Urgent funding needed to save home-grown next-generation cancer research

13 June 2024

A lack of funding threatens to deny Australians access to a promising new cancer immunotherapy which is already achieving success in the clinic.

QIMR Berghofer is appealing for the community to support Dr Siok Tey’s cutting-edge CAR T cell therapy research which has achieved remission for some lymphoma patients and holds great promise against the aggressive blood cancer, myeloma, and some solid cancers including those affecting children.

CAR T cell therapy is a beacon of hope for blood cancer patients who have run out of treatment options, but funding is urgently needed to progress the research and make the treatment accessible for Australians who need it.

The public is urged to donate to the annual QIMR Berghofer tax appeal and make a real difference to local cancer patients and their families.

One of the appeal’s biggest supporters is Brisbane mother-of-two Jane Campbell, who is now in remission for a rare form of lymphoma after participating in a phase I clinical trial led by Dr Tey.

After going through multiple rounds of chemotherapy, Jane had run out of options when she entered the trial at the Royal Brisbane and Women’s Hospital (RBWH).

“I went from having no options to being given the best option in my own hometown. It was like I’d drawn the golden ticket. I am so grateful to have been offered a treatment that so few people in the world with my condition have been able to access,” Jane said.

While the trial treatment was not without risk and cannot be called a cure without the test of time, Jane now has hope where before there was none.

Dr Tey hopes to improve treatment access for more Australian cancer patients like Jane, by developing locally designed CAR T cell therapies.

The clinician-researcher is head of QIMR Berghofer’s Translational Cancer Immunotherapy group and a haematologist specialising in blood cancer at the RBWH.

Her research harnesses the power of genetic engineering to make CAR T cells, which are smart cells designed to find and destroy cancer cells.

Access to CAR T cell therapy is currently limited in Australia and patients seeking treatments overseas face prohibitive personal and financial costs.

“We have the expertise here to not only make CAR T cells locally at a lower cost, but also to make potentially better CAR T cells,” she said.

Dr Tey hopes to not only improve access but make CAR T cells for lymphoma even more effective, and expand the technology to other types of cancer including myeloma and solid cancers such as the childhood cancer, neuroblastoma.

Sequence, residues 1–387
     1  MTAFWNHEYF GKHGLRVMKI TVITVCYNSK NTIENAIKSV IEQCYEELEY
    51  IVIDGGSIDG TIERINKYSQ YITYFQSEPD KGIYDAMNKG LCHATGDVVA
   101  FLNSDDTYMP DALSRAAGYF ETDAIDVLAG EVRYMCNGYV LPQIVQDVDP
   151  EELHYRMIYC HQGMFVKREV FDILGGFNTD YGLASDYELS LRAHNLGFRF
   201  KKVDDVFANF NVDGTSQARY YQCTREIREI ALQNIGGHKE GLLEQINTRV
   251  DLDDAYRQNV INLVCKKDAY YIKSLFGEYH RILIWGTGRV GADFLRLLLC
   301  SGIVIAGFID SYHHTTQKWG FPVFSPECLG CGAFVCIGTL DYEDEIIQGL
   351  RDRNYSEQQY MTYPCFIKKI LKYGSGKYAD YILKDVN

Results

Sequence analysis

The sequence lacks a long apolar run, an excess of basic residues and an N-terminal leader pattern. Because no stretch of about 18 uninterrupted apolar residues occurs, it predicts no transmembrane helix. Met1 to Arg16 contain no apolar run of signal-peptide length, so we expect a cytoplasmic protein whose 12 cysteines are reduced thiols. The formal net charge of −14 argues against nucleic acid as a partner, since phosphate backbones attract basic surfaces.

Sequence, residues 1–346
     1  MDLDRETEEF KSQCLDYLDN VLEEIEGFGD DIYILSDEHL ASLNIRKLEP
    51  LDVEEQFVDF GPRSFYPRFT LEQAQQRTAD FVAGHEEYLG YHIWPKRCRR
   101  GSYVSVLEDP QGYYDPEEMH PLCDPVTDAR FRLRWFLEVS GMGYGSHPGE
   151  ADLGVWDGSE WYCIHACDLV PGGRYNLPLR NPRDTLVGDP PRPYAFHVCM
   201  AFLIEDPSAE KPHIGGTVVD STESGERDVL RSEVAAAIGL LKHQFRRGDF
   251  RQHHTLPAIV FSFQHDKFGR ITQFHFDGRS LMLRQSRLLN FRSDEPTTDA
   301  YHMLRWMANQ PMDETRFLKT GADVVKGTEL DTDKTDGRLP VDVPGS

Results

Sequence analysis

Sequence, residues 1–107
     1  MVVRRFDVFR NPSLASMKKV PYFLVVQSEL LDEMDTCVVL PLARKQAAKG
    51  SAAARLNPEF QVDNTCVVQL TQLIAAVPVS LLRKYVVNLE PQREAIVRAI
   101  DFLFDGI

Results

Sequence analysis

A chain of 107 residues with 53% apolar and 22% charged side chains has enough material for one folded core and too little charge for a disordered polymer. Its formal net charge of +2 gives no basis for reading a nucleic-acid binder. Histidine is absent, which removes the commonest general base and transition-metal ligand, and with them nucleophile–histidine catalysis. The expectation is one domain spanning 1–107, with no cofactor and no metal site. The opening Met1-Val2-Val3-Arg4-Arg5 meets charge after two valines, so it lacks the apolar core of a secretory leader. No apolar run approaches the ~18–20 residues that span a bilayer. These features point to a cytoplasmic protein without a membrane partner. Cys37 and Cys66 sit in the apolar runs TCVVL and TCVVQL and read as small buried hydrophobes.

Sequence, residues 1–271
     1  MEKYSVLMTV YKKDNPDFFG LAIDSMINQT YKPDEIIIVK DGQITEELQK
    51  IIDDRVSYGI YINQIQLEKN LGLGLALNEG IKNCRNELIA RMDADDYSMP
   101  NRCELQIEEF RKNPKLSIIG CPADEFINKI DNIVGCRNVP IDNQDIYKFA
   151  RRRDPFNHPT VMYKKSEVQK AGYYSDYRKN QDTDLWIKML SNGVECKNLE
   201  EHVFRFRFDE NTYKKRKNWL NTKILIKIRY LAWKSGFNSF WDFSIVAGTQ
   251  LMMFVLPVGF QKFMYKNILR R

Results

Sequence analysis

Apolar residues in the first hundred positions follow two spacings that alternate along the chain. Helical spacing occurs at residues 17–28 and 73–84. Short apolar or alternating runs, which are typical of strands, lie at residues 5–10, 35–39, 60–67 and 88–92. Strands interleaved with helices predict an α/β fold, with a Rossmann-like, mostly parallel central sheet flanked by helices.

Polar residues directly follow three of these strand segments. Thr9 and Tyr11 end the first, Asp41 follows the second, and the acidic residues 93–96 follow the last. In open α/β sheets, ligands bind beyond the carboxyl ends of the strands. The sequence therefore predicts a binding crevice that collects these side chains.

“The success rate of CAR T cell therapy is around 50 per cent for certain types of blood cancer. In the patients who respond, the recovery can seem miraculous because these patients have failed all other treatment,” Dr Tey said.

“The other 50 per cent of patients do not respond, and there are many patients with other types of blood cancers where CAR T cell therapies are not yet available or do not work well. We believe we can change that.

“We have already achieved so much, but without funding we’ll be forced to choose which area of research to let go. We urgently need public donations to ensure we are leaders in this rapidly moving field.”

Queensland father of three Andy Scott has been living with myeloma since 2017 and hopes to one day benefit from Dr Tey’s research. While conventional treatments including maintenance chemotherapy have kept his cancer at bay, he knows they will stop working at some point. 

“Living with cancer is like having a gun held to your head and not knowing if or when it will go off. I want to be here for my family and see my children grow up,” he said.

“It’s nice to know that the technology exists but obviously if it’s out of reach then it’s not really good for myself and other people in my situation.”

To learn more about Dr Tey’s research and to donate to the QIMR Berghofer tax appeal, please visit

As a registered charity, donations to QIMR Berghofer of $2 or more are tax deductible.


Bridie Barry
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M +61 (0)428 592 194